93. My storytelling ability, regardless of its quality now, is significantly better than when I first started this journey eight or nine years ago.  I’m learning that as I try to edit One Night in Bridgeport, a novel that was the first piece of fiction I wrote and which I’m now trying to get cleaned up for publication.
  94. I am convinced that there is a poison lurking inside of me that will cut my life far short of my desired 80 years of age. It’s called fear.  The poison probably comes from the Chun King.
  95. I am convinced that I am nowhere near good enough at my job.  It’s that fear thing again.
  96. Fear motivates me to always try harder.  To never rest on my laurels, of which there aren’t many.
  97. Fear keeps me on a certain track because … well, I’m afraid to step to the side and follow that other path.  The one where people take chances, try different things.  Maybe do something a little crazy.  A former co-worker, younger, childless, unmarried, up and quit her job and moved to the Big Apple, where she now makes a living running people’s dogs during the day and babysitting at night.  She has no insurance, no car, and not a care in the world and seems incredibly happy.  It’s the type of thing I could never do.  Fear, baby, fear.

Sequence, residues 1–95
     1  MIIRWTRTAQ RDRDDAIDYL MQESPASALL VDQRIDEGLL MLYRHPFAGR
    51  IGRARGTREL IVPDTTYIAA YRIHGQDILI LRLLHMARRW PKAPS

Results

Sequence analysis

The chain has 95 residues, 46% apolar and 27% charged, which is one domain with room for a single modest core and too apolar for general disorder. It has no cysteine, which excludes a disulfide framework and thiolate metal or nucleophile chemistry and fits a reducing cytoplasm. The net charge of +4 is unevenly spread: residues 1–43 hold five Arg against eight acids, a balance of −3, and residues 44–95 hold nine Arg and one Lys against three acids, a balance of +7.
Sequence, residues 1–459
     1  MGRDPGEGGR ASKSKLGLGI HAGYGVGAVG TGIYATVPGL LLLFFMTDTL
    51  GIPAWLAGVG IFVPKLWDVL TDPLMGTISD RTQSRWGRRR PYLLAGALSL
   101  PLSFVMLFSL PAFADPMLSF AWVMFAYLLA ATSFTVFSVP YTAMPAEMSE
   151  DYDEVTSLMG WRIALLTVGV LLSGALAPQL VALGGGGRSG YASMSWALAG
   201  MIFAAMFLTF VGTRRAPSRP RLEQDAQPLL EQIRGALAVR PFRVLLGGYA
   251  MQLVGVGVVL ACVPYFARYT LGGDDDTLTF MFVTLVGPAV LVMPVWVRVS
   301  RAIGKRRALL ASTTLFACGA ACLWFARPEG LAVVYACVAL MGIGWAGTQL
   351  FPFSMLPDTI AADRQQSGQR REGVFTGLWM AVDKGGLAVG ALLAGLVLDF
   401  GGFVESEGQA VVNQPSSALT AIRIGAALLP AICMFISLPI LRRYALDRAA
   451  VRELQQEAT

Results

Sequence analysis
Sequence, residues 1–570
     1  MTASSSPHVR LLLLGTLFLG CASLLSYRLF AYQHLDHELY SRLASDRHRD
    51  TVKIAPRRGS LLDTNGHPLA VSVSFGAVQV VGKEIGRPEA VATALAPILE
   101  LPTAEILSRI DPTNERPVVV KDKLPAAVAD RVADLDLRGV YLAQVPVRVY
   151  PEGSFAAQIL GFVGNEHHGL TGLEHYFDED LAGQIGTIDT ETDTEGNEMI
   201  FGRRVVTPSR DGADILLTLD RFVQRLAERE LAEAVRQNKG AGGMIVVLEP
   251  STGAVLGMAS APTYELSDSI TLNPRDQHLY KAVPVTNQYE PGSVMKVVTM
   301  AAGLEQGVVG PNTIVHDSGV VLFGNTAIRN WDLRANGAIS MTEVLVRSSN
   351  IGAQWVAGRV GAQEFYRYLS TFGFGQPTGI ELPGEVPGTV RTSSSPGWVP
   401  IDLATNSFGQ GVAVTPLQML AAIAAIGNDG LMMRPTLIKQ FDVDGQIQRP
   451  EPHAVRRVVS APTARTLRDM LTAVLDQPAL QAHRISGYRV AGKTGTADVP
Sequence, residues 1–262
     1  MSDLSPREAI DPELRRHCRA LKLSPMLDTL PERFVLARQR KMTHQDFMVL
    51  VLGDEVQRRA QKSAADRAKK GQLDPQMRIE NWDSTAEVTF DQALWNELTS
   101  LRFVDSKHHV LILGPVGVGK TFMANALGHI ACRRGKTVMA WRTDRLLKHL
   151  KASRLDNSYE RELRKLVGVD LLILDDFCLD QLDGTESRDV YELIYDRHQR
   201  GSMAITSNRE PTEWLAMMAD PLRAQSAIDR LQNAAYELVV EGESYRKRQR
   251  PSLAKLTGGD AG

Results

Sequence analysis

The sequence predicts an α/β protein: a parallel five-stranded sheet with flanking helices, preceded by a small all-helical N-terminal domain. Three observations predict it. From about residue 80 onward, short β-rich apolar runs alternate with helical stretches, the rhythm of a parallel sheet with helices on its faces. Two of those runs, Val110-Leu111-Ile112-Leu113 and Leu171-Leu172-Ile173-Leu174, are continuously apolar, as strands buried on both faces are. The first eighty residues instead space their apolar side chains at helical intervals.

98. I’m taking baby steps in that direction though.  The steps I’ve taken to date have led me to where I am with responsibilities to fulfill.  Once those tasks are complete, watch out.  I’m not headed to the Big Apple, I won’t be running other people’s dogs.  Instead, I’ll be living a life that is mine.  It will be as minimal as possible.  I would be happy with a one-room shack in the middle of nowhere – as long as it it’s the right “nowhere.”  Paths of crushed dirt instead of concrete lanes.  A community where people are neighbors and friends.  Walking instead of driving.  Talking instead of not.
  99. Henry Thornton (see The Irrepairable Past tab) is me, but he isn’t.  His past is not mine, his present is where I may be headed.